You’re struggling with employee engagement and looking for ways to make meaningful progress. You’ve done the surveys, tried the programs, and nothing seems to stick. Maybe that’s the problem.
You can’t just throw resources at employee engagement and expect it to improve. It’s an outcome of your culture, policies, systems, and everyday, seemingly innocuous interactions.
One of those everyday interactions is the coaching conversations you use to encourage, improve, or course-correct employees. Through these coaching moments – formal or informal – you demonstrate your values, build or break emotional bonds, and contribute to your organization’s culture and subsequent employee engagement.
And, while changing your view on coaching won’t be the magic pill to all your engagement woes, it can have a significant impact.
Here are a few tips I’ve applied to help you leverage coaching to improve employee engagement.
Coaching is more than just a one-and-done event.
Coaching requires time and effort, but the rewards are worth it. It’s an ongoing process of building trust, respect, and mutual accountability. To make the most of coaching, approach each session as part of a continuing conversation acknowledging improvements. Adopting this mindset can create a supportive environment for growth and development.
Coaching is a collaborative dialogue.
Listen to your agents’ opinions and concerns during coaching and feedback sessions. Coaching should not be a one-way street where the coach imparts all the knowledge and wisdom. Instead, it should be an interactive learning experience that benefits both the agent and the coach. Creating an open and collaborative environment fosters trust and builds stronger relationships with your agents. Encourage your agents to ask questions, share their thoughts, provide feedback, and be willing to do the same. Coaching is a partnership, and by working together, you can help your agents achieve their goals and improve their performance.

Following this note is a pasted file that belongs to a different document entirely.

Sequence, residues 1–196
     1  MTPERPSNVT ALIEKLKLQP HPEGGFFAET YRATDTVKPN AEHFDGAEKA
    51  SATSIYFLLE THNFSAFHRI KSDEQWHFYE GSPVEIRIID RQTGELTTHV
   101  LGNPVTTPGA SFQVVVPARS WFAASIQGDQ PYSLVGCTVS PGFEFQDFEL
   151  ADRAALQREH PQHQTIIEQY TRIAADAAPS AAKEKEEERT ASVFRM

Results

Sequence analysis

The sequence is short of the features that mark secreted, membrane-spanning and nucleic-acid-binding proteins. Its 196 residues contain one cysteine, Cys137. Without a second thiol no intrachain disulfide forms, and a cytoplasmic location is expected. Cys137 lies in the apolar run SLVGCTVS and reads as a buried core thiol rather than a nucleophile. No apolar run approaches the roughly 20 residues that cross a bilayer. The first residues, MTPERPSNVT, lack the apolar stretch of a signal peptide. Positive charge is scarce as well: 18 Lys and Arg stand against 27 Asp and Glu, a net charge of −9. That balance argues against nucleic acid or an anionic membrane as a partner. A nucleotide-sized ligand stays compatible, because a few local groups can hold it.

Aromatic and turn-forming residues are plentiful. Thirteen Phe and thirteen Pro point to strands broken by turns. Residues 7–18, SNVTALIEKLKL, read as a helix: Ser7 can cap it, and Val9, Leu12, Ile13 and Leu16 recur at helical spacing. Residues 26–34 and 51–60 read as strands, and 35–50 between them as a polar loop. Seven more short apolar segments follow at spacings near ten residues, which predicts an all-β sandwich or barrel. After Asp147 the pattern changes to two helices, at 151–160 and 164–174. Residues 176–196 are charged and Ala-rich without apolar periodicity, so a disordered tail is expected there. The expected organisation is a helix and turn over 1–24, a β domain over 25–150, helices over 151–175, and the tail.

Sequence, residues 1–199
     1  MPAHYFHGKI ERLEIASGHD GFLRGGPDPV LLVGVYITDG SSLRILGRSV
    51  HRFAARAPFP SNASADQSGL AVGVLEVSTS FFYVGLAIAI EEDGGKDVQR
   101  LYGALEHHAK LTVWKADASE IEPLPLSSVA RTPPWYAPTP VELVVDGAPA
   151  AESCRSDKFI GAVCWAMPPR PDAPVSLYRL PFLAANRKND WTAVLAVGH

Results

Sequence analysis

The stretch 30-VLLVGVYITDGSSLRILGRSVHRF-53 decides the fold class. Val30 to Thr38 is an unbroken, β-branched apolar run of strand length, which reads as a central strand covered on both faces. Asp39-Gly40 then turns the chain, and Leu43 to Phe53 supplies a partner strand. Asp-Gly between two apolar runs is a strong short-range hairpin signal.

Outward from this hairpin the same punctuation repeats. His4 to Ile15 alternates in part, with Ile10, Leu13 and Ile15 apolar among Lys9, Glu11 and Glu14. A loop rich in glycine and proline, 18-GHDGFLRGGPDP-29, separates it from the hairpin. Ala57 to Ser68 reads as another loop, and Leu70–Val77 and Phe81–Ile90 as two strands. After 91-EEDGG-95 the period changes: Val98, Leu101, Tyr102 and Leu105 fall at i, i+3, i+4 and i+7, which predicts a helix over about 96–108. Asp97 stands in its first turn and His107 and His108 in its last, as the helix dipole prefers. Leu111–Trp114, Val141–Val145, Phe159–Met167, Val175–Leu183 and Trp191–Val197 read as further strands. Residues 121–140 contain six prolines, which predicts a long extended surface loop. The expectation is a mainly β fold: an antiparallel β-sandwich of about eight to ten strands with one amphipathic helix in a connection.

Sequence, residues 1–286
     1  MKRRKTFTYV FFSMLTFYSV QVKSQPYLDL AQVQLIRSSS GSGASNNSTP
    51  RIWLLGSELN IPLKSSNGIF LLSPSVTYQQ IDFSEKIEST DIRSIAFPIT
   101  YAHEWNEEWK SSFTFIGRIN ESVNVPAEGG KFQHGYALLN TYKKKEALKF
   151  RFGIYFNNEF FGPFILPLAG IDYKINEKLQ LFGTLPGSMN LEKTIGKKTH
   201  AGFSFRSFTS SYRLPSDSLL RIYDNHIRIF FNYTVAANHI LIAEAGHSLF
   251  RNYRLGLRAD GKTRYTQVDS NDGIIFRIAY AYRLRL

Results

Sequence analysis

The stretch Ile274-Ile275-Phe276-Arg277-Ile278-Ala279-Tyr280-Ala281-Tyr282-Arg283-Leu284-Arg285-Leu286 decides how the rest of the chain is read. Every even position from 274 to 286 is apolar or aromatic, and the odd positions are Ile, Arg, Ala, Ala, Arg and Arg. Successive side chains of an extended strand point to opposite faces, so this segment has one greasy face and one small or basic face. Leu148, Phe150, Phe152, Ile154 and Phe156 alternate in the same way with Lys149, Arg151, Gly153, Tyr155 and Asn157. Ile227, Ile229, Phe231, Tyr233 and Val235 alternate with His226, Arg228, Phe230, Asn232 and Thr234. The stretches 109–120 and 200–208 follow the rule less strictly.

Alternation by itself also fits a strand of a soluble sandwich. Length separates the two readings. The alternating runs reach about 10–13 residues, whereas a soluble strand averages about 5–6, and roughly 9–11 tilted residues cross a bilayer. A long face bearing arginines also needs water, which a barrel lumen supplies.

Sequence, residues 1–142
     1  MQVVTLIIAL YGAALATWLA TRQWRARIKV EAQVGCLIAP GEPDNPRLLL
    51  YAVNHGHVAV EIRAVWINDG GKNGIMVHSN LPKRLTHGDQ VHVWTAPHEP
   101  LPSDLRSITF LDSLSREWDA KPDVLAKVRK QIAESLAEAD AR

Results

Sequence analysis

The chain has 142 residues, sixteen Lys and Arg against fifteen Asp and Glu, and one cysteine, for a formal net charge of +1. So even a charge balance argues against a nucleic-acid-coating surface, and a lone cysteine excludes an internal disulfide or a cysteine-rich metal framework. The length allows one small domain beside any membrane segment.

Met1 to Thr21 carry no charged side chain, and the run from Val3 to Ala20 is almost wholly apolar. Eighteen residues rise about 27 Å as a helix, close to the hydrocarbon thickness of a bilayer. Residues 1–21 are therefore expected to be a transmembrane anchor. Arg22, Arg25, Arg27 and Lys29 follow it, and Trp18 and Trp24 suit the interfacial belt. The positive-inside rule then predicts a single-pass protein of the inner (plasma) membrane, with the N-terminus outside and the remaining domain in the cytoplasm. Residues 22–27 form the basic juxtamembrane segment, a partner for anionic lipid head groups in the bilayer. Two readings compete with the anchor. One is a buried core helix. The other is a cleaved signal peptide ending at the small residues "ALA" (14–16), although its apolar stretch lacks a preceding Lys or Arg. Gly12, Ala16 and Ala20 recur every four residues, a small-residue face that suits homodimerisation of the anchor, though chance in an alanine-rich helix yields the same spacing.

Don’t delay feedback.
Providing timely feedback, especially when it’s praise, is essential to building a culture of employee engagement. When feedback is delayed, agents may begin to feel like their efforts are unimportant or unnoticed. To avoid this, deliver sincere, realistic, and appropriate praise immediately. Doing so can build trust and create a positive environment encouraging employee engagement. And, to the previous point, feedback should be a two-way conversation that recognizes achievements and offers constructive criticism. You can help your agents feel valued and motivated to continue improving by providing effective feedback.
Have a realistic sense of achievement.
Progress is a journey; celebrating milestones can help your employees feel valued and appreciated. A realistic sense of achievement is crucial to creating a culture of appreciation and recognition. Sometimes, we may only hold back on praise once an employee has fully achieved the objective we’ve set for them. However, this approach can cause us to overlook the progress and improvements they’ve made. To avoid missing these opportunities, it’s essential to acknowledge and recognize the small victories and gains that lead to more prominent successes. Doing so can create a positive and motivated culture that encourages your employees to continue growing and improving.